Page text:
```
let Y = \T. (\x. T (x x)) (\x. T (x x)) in
-Y Y ≡ \T. (\x. T (x x)) (\x. T (x x)) Y
+Y Y
+≡ \T. (\x. T (x x)) (\x. T (x x)) Y
~~> (\x. Y (x x)) (\x. Y (x x))
~~> Y ((\x. Y (x x)) (\x. Y (x x)))
~~> Y (Y ((\x. Y (x x)) (\x. Y (x x))))
-~~> Y (Y (Y (...(Y (Y Y))...)))
```

+~~> Y (Y (Y (...(Y (Y Y))...)))
+
#Q: Ouch! Stop hurting my brain.#
@@ -51,9 +53,9 @@ successor. Let's just check that `X = succ X`:
```
let succ = \n s z. s (n s z) in
let X = (\x. succ (x x)) (\x. succ (x x)) in
succ X
-≡ succ ( (\x. succ (x x)) (\x. succ (x x)) )
+≡ succ ( (\x. succ (x x)) (\x. succ (x x)) )
~~> succ (succ ( (\x. succ (x x)) (\x. succ (x x)) ))
-≡ succ (succ X)
+≡ succ (succ X)
```

You should see the close similarity with `Y Y` here.
@@ -66,12 +68,12 @@ numeral:
```
[same definitions]
succ X
-≡ (\n s z. s (n s z)) X
-~~> \s z. s (X s z)
+≡ (\n s z. s (n s z)) X
+~~> \s z. s (X s z)
<~~> succ (\s z. s (X s z)) ; using fixed-point reasoning
-~~> \s z. s ([succ (\s z. s (X s z))] s z)
-~~> \s z. s ([\s z. s ([succ (\s z. s (X s z))] s z)] s z)
-~~> \s z. s (s (succ (\s z. s (X s z))))
+≡ (\n s z. s (n s z)) (\s z. s (X s z))
+~~> \s z. s ((\s z. s (X s z)) s z)
+~~> \s z. s (s (X s z))
```

So `succ X` looks like a numeral: it takes two arguments, `s` and `z`,
@@ -109,17 +111,17 @@ endless reduction:
```
let prefact = \f n. iszero n 1 (mul n (f (pred n))) in
let fact = Y prefact in
fact 2
-≡ [(\f. (\x. f (x x)) (\x. f (x x))) prefact] 2
+≡ [(\f. (\x. f (x x)) (\x. f (x x))) prefact] 2
~~> [(\x. prefact (x x)) (\x. prefact (x x))] 2
~~> [prefact ((\x. prefact (x x)) (\x. prefact (x x)))] 2
~~> [prefact (prefact ((\x. prefact (x x)) (\x. prefact (x x))))] 2
-≡ [ (\f n. iszero n 1 (mul n (f (pred n)))) (prefact ((\x. prefact (x x)) (\x. prefact (x x))))] 2
+≡ [ (\f n. iszero n 1 (mul n (f (pred n)))) (prefact ((\x. prefact (x x)) (\x. prefact (x x))))] 2
~~> [\n. iszero n 1 (mul n ([prefact ((\x. prefact (x x)) (\x. prefact (x x)))] (pred n)))] 2
~~> iszero 2 1 (mul 2 ([prefact ((\x. prefact (x x)) (\x. prefact (x x)))] (pred 2)))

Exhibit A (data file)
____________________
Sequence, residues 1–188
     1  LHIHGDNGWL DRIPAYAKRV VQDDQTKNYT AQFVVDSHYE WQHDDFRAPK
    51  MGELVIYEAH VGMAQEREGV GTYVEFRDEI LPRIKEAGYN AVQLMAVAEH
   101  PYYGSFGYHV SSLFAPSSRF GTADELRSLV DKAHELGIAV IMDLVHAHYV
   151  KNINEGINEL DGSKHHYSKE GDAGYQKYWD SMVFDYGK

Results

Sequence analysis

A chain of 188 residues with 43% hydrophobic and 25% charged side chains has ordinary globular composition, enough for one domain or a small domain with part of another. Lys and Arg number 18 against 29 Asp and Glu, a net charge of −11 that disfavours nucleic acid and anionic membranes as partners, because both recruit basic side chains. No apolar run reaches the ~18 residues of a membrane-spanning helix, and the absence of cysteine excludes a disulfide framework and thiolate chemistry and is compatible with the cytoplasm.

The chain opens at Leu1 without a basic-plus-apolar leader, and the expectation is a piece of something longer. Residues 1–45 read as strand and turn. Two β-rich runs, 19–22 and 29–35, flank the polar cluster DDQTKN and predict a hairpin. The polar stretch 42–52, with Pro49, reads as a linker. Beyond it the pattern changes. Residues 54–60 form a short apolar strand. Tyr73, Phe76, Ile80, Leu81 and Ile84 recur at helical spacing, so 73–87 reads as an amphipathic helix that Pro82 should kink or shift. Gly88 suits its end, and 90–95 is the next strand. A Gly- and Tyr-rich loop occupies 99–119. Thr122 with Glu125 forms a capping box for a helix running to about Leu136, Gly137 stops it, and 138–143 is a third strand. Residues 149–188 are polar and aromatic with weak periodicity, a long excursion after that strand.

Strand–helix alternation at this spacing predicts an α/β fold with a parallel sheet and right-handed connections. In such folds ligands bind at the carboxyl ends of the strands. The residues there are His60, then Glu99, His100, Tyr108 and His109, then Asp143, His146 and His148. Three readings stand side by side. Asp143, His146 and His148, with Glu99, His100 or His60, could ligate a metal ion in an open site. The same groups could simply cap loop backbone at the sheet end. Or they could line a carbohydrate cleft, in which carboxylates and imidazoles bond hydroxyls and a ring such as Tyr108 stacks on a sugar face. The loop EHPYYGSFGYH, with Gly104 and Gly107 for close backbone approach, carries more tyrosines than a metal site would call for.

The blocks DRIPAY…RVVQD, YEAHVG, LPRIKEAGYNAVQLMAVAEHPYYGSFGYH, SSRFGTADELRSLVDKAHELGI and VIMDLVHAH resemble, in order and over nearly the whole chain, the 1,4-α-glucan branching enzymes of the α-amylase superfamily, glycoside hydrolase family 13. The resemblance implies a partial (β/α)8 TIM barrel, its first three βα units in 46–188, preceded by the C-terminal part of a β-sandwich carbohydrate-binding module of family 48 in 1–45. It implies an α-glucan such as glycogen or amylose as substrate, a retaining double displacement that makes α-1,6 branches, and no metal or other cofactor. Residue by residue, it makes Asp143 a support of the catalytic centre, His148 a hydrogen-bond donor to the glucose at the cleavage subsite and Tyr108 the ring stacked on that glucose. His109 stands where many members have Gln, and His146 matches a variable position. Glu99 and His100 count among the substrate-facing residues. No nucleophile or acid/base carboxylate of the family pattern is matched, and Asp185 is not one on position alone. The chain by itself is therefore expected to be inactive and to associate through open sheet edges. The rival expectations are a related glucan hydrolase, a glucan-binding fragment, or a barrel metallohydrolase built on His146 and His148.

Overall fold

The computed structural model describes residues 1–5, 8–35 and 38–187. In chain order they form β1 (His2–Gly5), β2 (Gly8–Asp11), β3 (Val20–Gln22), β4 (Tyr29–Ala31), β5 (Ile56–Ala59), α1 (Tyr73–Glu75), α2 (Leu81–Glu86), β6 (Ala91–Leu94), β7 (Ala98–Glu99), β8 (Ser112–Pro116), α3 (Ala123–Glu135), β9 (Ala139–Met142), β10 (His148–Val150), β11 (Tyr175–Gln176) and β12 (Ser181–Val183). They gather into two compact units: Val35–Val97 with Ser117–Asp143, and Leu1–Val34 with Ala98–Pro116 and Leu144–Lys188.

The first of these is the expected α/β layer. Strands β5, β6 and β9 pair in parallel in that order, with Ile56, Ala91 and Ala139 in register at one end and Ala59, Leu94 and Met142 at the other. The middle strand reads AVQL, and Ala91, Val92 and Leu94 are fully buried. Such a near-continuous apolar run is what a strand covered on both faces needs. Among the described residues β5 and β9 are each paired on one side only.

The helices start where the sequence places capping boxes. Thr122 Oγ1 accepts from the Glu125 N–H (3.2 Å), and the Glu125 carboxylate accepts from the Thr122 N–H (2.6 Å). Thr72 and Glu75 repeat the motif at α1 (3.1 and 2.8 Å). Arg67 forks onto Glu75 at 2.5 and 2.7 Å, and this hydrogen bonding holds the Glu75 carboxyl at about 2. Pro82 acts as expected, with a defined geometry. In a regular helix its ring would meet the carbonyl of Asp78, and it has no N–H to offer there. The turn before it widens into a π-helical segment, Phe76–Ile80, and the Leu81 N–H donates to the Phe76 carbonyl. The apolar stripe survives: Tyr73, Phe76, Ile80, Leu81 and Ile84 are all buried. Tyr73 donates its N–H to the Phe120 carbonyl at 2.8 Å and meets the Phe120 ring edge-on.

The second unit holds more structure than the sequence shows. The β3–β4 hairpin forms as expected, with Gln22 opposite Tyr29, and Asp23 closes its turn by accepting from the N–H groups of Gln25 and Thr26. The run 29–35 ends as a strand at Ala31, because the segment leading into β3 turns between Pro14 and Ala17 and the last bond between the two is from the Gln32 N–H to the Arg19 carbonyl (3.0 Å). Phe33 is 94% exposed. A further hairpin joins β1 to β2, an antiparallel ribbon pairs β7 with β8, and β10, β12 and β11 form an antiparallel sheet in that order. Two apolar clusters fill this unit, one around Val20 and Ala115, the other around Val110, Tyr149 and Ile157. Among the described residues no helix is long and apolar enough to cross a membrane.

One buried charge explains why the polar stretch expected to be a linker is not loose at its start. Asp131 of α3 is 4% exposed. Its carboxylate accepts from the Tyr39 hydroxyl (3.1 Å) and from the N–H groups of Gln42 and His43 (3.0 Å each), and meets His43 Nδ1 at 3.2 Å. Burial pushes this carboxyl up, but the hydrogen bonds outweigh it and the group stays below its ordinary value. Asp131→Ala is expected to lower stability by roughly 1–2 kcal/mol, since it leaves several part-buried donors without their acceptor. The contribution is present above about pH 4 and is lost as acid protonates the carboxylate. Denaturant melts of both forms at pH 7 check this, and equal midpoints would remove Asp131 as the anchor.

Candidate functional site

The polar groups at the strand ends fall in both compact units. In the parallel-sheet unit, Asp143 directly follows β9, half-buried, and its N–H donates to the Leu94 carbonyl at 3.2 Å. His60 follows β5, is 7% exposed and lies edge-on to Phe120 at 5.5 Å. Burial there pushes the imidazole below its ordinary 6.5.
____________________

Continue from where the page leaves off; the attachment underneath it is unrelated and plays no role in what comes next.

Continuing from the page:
~~> mul 2 ([prefact ((\x. prefact (x x)) (\x. prefact (x x)))] 1)
...
~~> mul 2 (mul 1 ([prefact ((\x. prefact (x x)) (\x. prefact (x x)))] 0))
-≡ mul 2 (mul 1 (iszero 0 1 ([prefact ((\x. prefact (x x)) (\x. prefact (x x)))] (pred 0))))
+≡ mul 2 (mul 1 (iszero 0 1 (mul 1 ([prefact ((\x. prefact (x x)) (\x. prefact (x x)))] (pred 0)))))
~~> mul 2 (mul 1 1)
~~> mul 2 1
~~> 2
@@ -248,7 +250,7 @@ So, if we were searching the list that implements some set to see if the number
we can stop. If we haven't found `5` already, we know it's not in the rest of the
list either.
-This is an improvement, but it's still a "linear" search through the list.
+*Comment*: This is an improvement, but it's still a "linear" search through the list.
There are even more efficient methods, which employ "binary" searching. They'd
represent the set in such a way that you could quickly determine whether some
element fell in one half, call it the left half, of the structure that
@@ -258,7 +260,7 @@ determination could be made for whichever half you were directed to. And then
for whichever quarter you were directed to next. And so on. Until you either
found the element or exhausted the structure and could then conclude that the
element in question was not part of the set. These sorts of structures are done
-using **binary trees** (see below).
+using [binary trees](/implementing_trees).
#Aborting a search through a list#
```